One study that examined data from over 98,000 people found 18% fewer deaths for those with the highest intake of flavonoids than for those with the lowest.

3. Lower Cholesterol Levels

Cholesterol levels that rise too high, especially your “bad” low-density lipoprotein (LDL) cholesterol, can increase your risk of stroke and heart attack. Eating foods that contain substantial quantities of soluble fiber, like persimmons, can help to bring down high cholesterol levels by assisting your body in flushing out the excess amounts.

According to one study, regularly consuming persimmon fiber can significantly decrease your LDL cholesterol levels in just 3 months’ time. The authors concluded that persimmon shows promise as a way to lower cholesterol levels.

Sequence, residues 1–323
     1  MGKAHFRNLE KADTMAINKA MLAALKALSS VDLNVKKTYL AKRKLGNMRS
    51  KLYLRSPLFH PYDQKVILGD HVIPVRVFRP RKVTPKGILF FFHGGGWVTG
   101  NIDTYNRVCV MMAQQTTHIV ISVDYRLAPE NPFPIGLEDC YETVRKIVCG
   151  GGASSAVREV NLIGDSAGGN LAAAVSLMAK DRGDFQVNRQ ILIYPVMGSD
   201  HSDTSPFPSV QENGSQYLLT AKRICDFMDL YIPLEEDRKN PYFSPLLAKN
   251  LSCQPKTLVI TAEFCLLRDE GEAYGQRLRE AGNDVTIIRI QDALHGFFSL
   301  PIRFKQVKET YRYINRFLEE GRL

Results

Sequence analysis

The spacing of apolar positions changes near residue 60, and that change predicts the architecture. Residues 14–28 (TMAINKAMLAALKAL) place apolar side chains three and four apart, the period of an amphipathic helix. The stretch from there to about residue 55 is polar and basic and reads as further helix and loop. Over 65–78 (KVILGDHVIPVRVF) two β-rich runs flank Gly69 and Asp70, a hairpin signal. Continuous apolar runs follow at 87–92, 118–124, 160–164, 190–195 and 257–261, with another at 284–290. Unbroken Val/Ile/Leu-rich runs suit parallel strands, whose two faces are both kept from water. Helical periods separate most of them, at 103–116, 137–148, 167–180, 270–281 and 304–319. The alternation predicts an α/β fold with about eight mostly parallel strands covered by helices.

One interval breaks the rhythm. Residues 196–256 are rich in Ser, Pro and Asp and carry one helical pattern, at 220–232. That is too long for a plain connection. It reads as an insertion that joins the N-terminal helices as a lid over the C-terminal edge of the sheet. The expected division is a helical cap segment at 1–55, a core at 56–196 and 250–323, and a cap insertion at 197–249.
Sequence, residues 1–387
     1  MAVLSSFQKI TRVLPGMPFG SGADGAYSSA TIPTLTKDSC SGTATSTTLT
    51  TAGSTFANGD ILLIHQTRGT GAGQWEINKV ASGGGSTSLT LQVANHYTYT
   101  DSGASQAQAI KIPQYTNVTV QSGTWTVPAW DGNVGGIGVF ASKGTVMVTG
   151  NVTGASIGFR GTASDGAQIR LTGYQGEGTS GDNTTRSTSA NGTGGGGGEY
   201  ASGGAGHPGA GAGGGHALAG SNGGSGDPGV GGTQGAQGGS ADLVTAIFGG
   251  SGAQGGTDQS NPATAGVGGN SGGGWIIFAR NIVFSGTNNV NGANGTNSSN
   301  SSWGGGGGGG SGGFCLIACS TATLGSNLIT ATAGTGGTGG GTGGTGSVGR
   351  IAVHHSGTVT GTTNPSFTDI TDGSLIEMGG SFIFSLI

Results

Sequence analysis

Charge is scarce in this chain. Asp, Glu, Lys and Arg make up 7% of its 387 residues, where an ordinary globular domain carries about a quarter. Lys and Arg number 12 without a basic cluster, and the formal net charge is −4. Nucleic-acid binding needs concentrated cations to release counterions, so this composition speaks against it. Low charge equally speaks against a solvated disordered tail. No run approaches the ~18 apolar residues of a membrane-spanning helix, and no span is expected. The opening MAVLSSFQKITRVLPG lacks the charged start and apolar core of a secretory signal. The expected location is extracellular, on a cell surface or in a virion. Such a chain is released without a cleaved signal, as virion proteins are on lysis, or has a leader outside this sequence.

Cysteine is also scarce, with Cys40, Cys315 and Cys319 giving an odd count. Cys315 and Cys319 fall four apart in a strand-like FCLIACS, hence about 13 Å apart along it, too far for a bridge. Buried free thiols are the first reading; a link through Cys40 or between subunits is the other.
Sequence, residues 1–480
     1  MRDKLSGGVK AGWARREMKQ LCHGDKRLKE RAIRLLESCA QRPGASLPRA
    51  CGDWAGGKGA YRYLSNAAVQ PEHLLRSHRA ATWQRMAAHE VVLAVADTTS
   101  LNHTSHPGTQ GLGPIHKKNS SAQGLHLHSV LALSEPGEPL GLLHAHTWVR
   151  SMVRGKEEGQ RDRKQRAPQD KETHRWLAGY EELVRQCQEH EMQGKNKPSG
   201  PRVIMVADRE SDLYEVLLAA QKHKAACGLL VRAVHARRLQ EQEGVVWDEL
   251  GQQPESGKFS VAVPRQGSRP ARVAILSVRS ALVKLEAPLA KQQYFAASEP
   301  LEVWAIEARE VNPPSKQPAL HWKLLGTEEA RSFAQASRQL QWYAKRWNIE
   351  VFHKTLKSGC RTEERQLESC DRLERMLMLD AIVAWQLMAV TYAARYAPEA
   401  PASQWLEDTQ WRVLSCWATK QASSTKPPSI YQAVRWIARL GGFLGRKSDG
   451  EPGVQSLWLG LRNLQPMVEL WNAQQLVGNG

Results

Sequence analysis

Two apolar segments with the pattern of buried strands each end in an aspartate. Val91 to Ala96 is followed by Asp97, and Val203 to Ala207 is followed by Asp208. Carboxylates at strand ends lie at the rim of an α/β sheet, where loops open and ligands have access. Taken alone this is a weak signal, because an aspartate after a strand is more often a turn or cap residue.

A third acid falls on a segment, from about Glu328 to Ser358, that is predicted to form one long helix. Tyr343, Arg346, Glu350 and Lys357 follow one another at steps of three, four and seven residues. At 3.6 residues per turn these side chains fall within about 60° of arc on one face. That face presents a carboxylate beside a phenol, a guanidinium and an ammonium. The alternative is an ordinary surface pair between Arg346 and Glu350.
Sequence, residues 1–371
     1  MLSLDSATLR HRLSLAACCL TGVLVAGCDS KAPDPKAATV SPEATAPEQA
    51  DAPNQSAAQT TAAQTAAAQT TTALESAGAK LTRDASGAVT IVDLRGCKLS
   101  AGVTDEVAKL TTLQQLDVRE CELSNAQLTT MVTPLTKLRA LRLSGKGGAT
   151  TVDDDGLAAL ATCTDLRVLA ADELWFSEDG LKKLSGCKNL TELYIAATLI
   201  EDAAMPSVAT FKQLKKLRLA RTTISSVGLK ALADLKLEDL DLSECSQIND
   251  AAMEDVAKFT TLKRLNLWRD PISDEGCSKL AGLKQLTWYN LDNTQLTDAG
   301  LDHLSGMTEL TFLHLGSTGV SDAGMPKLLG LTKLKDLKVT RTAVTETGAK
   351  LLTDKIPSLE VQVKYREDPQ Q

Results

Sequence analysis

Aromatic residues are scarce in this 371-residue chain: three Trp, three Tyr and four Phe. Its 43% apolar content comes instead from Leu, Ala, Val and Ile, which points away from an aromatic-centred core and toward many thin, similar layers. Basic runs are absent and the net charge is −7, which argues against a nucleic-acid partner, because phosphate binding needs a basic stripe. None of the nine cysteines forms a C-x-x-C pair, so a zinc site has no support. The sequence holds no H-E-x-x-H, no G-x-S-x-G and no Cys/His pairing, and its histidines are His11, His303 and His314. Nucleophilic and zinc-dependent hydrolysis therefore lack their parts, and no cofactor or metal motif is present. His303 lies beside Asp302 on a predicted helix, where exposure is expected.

4. Balance Blood Sugar Levels

Consuming a steady supply of fiber also helps to keep blood sugar levels balanced. Foods like persimmon that provide you with a sizeable quantity of soluble fiber slow the speed at which your body digests and absorbs carbohydrates and sugar, which helps to prevent blood sugar spikes.

A 2016 study showed that eating soluble fiber can decrease your risk of developing diabetes as well as help to manage diabetes symptoms. The authors noted that an increased daily intake of soluble fiber significantly improved blood sugar levels as well as the body’s insulin response.

5. Keep Eyesight Sharp